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JAMA. 1945;129(10):678-679. doi:10.1001/jama.1945.02860440026011.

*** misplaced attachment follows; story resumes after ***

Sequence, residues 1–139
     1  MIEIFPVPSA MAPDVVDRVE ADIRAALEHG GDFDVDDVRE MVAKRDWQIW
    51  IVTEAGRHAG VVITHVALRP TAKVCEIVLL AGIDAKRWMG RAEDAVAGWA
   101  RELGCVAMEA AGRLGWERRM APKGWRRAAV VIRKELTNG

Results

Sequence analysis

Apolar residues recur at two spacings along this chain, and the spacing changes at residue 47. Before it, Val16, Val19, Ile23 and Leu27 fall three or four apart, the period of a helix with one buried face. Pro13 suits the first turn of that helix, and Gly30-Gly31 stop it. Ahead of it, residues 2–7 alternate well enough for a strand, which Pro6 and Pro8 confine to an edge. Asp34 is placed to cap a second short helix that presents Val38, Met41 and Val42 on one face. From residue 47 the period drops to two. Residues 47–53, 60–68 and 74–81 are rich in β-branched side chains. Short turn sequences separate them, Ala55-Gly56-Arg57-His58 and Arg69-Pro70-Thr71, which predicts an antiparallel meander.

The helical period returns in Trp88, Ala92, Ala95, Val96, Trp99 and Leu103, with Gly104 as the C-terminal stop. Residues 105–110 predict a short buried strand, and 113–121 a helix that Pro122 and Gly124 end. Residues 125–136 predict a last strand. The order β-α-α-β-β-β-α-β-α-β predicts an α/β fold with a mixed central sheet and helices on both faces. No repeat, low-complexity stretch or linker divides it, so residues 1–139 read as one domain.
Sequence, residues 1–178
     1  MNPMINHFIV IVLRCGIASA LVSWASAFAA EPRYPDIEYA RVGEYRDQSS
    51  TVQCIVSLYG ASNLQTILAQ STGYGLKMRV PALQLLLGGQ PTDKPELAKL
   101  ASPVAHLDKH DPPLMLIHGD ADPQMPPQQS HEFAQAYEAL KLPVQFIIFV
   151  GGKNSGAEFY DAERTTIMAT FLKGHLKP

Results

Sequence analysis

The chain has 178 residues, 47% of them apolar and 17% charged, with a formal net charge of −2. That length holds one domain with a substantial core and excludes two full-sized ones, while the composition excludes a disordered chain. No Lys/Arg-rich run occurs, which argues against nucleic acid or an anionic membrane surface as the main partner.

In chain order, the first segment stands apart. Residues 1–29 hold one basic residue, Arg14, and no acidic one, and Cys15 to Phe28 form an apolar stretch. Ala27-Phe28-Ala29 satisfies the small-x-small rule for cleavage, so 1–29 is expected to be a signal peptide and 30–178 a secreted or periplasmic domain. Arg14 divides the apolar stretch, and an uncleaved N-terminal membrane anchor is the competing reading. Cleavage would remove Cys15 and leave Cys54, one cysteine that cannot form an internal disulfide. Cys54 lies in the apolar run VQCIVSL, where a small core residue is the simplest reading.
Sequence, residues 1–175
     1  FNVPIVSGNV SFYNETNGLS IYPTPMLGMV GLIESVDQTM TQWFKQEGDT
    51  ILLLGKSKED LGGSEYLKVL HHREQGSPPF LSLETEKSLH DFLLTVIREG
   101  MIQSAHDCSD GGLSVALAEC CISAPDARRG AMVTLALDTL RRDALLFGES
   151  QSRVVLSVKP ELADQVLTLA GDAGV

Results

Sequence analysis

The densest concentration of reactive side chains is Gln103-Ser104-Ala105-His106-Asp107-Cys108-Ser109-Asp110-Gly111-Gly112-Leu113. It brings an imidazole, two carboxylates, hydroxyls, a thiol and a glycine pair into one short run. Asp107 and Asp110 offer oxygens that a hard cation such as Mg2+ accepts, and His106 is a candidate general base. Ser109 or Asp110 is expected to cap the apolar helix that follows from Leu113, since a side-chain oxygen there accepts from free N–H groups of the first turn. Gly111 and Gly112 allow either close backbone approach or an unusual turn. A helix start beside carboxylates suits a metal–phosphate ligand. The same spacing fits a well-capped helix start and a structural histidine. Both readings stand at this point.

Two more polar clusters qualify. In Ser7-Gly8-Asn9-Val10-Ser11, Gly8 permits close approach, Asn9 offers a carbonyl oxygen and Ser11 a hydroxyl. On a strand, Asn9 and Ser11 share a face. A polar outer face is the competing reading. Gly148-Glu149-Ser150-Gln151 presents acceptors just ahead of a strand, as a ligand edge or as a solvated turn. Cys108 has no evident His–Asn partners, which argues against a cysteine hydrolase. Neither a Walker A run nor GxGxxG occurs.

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In 1913 Much,1 Manwaring2 and others reported experimental evidence which led them to propose a tentative theory of "partial antibodies" to account for the phenomena of acquired immunity to tuberculosis. Specific agglutinins, precipitins and other so-called antibodies are found in the circulating blood; the theory assumed that the really essential bactericidal factors are found only in the fixed tissue cells. In support of this theory it was shown2 that tubercle bacilli, while rapidly lysed in the peritoneal cavities of tuberculous animals, are not lysed in the animal's serum. Manwaring found that the acquired power of intraperitoneal lysis of tubercle bacilli cannot be transferred to normal animals even by total blood transfusion. The essential specific bacteriolysins present in the immunized peritoneal cells apparently are not given off in detectable amounts into the blood stream; or, if given off, they presumably are destroyed or otherwise rendered inactive in much


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